Barnes & Noble is one of several stores that have refused to carry Amazon Publishing's books.
Karen Bleier AFP/Getty Images

When it comes to book publishing, all we ever seem to hear about is online sales, the growth of e-books and the latest version of a digital book reader. But the fact is, only 20 percent of the book market is e-books; it's still dominated by print. And a recent standoff in the book business shows how good old-fashioned, brick-and-mortar bookstores are still trying to wield their influence in the industry. You might even call it brick-and-mortar booksellers' revenge.

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3:02pm

Tue October 15, 2013
Books News & Features

'Quiet Dell' Revives A Depression-Era Murder Story

Originally published on Tue October 15, 2013 4:12 pm

Crowds gather on Aug. 30, 1931, at the site of the Quiet Dell murders. Evidence of the killings was found in and around murderer Harry Powers' garage (center).
AP

The Quiet Dell murders were among the first big, sensational crime stories of the Depression: A serial killer corresponded with vulnerable widows he met through lonely hearts clubs, then lured them to their deaths.

As a child, writer Jayne Anne Phillips learned about the murders from her mother, who was a child in 1931, when the murders took place. Phillips says she didn't talk a lot about the tragedy, but whenever they drove close to where the crime occurred — near Clarksburg, W.Va. — her mother would say, "There's the road to Quiet Dell."

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2:05pm

Fri October 4, 2013
Books News & Features

New E-Book Lending Service Aims To Be Netflix For Books

Originally published on Fri October 4, 2013 3:24 pm

iStockphoto.com

Movie lovers have Netflix, music lovers have Spotify — and book lovers (whether they read literary fiction or best-selling potboilers) now have Scribd. The document sharing website has been around since 2007, but this week it launched a subscription service for e-book lending.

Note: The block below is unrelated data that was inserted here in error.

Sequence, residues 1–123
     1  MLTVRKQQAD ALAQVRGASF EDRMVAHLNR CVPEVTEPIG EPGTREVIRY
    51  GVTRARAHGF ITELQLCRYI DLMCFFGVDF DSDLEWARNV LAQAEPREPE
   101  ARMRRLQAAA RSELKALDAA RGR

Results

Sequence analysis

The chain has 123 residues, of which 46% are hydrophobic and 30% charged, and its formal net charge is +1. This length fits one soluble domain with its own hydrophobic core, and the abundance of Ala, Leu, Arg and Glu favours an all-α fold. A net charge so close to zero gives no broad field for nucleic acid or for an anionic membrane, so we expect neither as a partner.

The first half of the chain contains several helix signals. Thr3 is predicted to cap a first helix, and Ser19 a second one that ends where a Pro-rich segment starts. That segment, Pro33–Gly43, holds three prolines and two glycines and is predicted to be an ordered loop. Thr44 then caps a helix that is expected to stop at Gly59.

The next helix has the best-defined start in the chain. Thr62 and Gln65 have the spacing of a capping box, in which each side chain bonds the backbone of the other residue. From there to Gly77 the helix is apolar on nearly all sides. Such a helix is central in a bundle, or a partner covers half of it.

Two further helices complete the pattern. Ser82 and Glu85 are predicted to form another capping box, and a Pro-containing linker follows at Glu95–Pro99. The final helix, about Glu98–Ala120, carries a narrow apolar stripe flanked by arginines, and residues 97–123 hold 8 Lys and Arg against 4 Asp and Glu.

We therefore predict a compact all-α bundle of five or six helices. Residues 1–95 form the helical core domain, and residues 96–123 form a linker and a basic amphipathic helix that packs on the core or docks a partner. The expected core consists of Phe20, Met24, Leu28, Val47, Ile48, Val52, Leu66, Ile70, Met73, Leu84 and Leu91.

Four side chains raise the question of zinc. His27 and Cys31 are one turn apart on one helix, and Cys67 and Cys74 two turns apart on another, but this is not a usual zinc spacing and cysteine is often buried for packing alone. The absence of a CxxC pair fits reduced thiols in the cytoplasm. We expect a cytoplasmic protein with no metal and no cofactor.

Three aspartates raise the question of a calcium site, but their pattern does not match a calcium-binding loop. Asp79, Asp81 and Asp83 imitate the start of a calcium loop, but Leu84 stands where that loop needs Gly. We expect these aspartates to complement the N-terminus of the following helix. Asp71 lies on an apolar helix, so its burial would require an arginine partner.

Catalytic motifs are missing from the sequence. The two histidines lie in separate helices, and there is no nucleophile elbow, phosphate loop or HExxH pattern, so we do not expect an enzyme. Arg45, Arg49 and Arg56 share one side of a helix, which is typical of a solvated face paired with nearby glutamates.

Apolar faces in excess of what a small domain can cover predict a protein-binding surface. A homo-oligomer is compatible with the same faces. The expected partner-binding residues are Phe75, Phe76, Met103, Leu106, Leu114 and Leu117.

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3:24pm

Wed October 2, 2013
Remembrances

Tom Clancy Dies, Left 'Indelible Mark' On Thriller Genre

Originally published on Wed October 2, 2013 5:56 pm

Tom Clancy, seen here in 2010, was an insurance agent before publishing The Hunt For Red October in 1984.
David Burnett

Best-selling author Tom Clancy has died. He was 66 years old. Beginning with the publication of his 1984 megahit The Hunt for Red October, Clancy wrote a string of blockbuster thrillers inspired by his fascination with military hardware and history.

Clancy didn't mince words when he talked to would-be writers. "If your objective is to write a book, get a computer and write the damn book," he told members of the military at a 2004 writing workshop. "Yes, you can do this if you try hard enough. It's a lot easier than you realize it is."

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1:57am

Mon September 23, 2013
Author Interviews

Political Violence, Uneasy Silence Echo In Lahiri's 'Lowland'

Originally published on Mon September 23, 2013 12:02 pm

Pulitzer Prize-winner Jhumpa Lahiri is the author of The Namesake and Interpreter of Maladies.
Marco Delogu Courtesy of Knopf

Earlier this month, Jhumpa Lahiri rejected the idea of immigrant fiction. "I don't know what to make of the term," she told The New York Times. "All American fiction could be classified as immigrant fiction."

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2:44pm

Mon September 16, 2013
Books News & Features

National Book Awards Look To Raise Profile ... And It's Not The First Time

Originally published on Tue September 17, 2013 12:19 pm

The 2013 National Book Award long list for Young People's Literature was announced Monday. Click here to see the full list.
nationalbook.org

You may be hearing a lot about the National Book Awards this week — at least that's what the National Book Foundation hopes. That's because they've made some changes to the awards that they hope will get more people talking about them. Over four days starting Monday, they will roll out their nominees in four different categories — beginning with Young People's Literature and ending Thursday with Fiction.

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1:25am

Thu September 5, 2013
Author Interviews

'Winter's Bone' Author Revisits A Tragedy In His Ozarks Hometown

Originally published on Thu September 5, 2013 4:42 pm

Daniel Woodrell's novel Winter's Bone -- a dark family saga set in the Ozarks — was adapted into a film in 2010. Woodrell returned to his hometown of West Plains, Mo., about 20 years ago and has been writing there ever since.
Alexander Klein AFP/Getty Images

The Ozarks mountain town of West Plains, Mo., is the kind of town where a person can stand in his front yard and have a comfortable view of his past.

"My mom was actually born about 150 or 200 feet that way, and my grandfather's house is I guess 200 yards that way," says Daniel Woodrell, author of Winter's Bone, and most recently, The Maid's Version.